United Kingdom CO2 Emissions Fall to Lowest Level in Nearly a Century

A record drop in coal use — coupled with the rapid growth of renewable energy, an expansion of energy efficiency programs, and an increase in burning natural gas for electricity — have driven carbon dioxide emissions in the UK to their lowest levels since the 1920s, according to a new study by the non-profit group, Carbon Brief.

The cold exterminated all of them

The Earth has known several mass extinctions over the course of its history. One of the most important happened at the Permian-Triassic boundary 250 million years ago. Over 95% of marine species disappeared and, up until now, scientists have linked this extinction to a significant rise in Earth temperatures. But researchers from the University of Geneva (UNIGE), Switzerland, working alongside the University of Zurich, discovered that this extinction took place during a short ice age which preceded the global climate warming. It’s the first time that the various stages of a mass extinction have been accurately understood and that scientists have been able to assess the major role played by volcanic explosions in these climate processes. This research, which can be read in Scientific Reports, completely calls into question the scientific theories regarding these phenomena, founded on the increase of CO2 in the atmosphere, and paves the way for a new vision of the Earth’s climate history.

Underwater mountains help ocean water rise from abyss

At high latitudes, such as near Antarctica and the Arctic Circle, the ocean’s surface waters are cooled by frigid temperatures and become so dense that they sink a few thousand meters into the ocean’s abyss.Ocean waters are thought to flow along a sort of conveyor belt that transports them between the surface and the deep in a never-ending loop. However, it remains unclear where the deep waters rise to the surface, as they ultimately must. This information would help researchers estimate how long the ocean may store carbon in its deepest regions before returning it to the surface.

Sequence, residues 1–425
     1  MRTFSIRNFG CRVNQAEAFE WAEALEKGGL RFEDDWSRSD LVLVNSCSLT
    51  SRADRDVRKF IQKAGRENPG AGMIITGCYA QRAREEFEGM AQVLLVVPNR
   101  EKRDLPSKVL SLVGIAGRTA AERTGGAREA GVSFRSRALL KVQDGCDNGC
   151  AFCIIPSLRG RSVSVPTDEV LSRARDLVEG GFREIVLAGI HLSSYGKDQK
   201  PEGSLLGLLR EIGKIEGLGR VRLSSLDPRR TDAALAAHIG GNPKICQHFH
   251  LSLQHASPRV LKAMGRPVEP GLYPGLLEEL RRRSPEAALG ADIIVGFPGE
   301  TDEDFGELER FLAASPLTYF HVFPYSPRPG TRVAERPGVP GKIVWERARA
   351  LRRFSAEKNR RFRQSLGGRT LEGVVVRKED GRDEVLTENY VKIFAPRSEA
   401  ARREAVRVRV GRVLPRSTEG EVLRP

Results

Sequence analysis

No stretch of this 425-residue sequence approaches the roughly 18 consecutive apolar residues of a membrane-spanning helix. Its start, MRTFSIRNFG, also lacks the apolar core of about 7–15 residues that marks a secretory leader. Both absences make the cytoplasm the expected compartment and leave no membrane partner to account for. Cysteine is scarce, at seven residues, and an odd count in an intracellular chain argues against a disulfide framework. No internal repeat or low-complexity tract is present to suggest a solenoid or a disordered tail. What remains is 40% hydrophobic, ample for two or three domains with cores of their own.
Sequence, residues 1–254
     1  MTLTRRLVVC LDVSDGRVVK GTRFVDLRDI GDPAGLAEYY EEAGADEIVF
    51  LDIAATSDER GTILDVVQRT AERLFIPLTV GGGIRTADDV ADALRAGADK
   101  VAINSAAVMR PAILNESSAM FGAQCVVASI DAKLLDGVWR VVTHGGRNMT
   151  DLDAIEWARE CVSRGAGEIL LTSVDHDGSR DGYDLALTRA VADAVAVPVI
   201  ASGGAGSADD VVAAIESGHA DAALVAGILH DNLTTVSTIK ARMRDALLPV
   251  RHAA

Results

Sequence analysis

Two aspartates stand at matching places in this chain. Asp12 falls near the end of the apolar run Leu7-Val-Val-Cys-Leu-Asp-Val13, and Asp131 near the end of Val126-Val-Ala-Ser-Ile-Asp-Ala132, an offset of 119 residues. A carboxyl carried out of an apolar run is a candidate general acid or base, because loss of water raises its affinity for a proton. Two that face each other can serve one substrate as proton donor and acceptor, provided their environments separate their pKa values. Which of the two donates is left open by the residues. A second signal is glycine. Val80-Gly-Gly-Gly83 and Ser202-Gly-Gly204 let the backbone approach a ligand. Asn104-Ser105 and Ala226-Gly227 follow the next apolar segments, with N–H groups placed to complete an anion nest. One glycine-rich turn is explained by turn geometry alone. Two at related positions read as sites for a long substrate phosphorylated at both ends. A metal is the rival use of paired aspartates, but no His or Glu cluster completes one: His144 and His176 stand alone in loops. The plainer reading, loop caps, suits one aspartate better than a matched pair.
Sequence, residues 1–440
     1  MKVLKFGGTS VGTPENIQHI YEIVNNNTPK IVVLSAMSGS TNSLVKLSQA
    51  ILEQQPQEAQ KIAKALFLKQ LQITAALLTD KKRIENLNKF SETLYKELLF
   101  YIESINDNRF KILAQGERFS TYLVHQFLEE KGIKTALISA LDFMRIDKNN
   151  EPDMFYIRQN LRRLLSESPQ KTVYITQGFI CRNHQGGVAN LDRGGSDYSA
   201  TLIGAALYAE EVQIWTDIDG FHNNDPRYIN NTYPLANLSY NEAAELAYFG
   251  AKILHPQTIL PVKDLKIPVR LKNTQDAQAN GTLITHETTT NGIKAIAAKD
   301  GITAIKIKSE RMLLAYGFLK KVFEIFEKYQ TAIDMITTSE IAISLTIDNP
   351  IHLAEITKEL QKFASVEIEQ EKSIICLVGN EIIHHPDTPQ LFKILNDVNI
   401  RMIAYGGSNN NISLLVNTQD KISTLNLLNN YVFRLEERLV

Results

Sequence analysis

Turning food waste into tires

Tomorrow’s tires could come from the farm as much as the factory.Researchers at The Ohio State University have discovered that food waste can partially replace the petroleum-based filler that has been used in manufacturing tires for more than a century.In tests, rubber made with the new fillers exceeds industrial standards for performance, which may ultimately open up new applications for rubber.

NASA Examines Deadly Spring-Like Weather With GPM Satellite

Rainfall from spring-like downpours in the U.S. from February 25 to March 1 were analyzed at NASA using data from the Global Precipitation Measurement mission or GPM satellite.Record breaking warm temperatures this winter have caused plants to bloom early in the eastern United States. Unfortunately this has also resulted in the formation of spring-like severe thunderstorms and deadly tornadoes. Multiple tornado sightings were made in three of the last seven days. On Saturday February 25, 2017 destructive tornadoes were reported in Maryland, Pennsylvania and Massachusetts.

Iron dissolved by air pollution may increase ocean potential to trap carbon

Iron particles generated by cities and industry are being dissolved by man-made air pollution and washed into the sea – potentially increasing the amount of greenhouse gases that the world’s oceans can absorb, a new study suggests.Scientists have long believed that acids formed from human-generated pollution and natural emissions dissolve iron in airborne particles - increasing the amount of iron to the ocean – but have lacked direct evidence to prove this theory.

What Global Climate Change May Mean for Leaf Litter in Streams and Rivers

Rate of leaf litter decay — and release of carbon to the atmosphere — may not accelerate as much as previously predicted as temperatures riseCarbon emissions to the atmosphere from streams and rivers are expected to increase as warmer water temperatures stimulate faster rates of organic matter breakdown.

Study: Volkswagen's excess emissions will lead to 1,200 premature deaths in Europe

In September 2015, the German Volkswagen Group, the world’s largest car producer, admitted to having installed “defeat devices” in 11 million diesel cars sold worldwide between 2008 and 2015. The devices were designed to detect and adapt to laboratory tests, making the cars appear to comply with environmental standards when, in fact, they emitted pollutants called nitric oxides, or NOx, at levels that were on average four times the applicable European test-stand limit.

Brake Dust May Cause More Problems Than Blackened Wheel Covers

Though tailpipe emissions could fall in the years ahead as more zero-emission vehicles hit the streets, one major source of highway air pollution shows no signs of abating: brake and tire dust.Metals from brakes and other automotive systems are emitted into the air as fine particles, lingering over busy roadways. Now, researchers at Georgia Institute of Technology have shown how that cloud of tiny metal particles could wreak havoc on respiratory health.

Late winter 'heatwave' hits the U.S. in February

It has been warm this winter for much of the country. But even with that said, temperatures recorded during a four-day period in late February 2017 across the central and eastern United States were extraordinary for the end of meteorological winter—December through February.